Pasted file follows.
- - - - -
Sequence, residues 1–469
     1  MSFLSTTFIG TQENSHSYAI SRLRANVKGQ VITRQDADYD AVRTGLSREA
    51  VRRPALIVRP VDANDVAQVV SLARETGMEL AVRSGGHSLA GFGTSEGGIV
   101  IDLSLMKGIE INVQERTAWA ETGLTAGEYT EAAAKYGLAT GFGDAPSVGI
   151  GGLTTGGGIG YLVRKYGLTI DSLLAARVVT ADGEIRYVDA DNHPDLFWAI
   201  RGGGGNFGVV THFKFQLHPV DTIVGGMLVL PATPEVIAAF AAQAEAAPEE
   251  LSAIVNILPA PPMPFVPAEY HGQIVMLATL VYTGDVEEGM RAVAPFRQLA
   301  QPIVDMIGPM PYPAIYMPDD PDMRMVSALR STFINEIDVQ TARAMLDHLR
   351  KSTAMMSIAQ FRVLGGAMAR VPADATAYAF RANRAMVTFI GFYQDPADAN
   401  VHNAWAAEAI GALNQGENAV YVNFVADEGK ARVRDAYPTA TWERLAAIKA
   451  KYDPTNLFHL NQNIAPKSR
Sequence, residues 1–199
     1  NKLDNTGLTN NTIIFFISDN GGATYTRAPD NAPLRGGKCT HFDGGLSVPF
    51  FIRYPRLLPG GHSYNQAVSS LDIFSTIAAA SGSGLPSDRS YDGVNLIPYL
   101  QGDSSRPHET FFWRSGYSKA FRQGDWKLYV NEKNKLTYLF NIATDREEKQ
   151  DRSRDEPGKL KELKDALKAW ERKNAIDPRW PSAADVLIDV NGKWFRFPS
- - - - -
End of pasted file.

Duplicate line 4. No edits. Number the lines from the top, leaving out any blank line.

   101  IDLSLMKGIE INVQERTAWA ETGLTAGEYT EAAAKYGLAT GFGDAPSVGI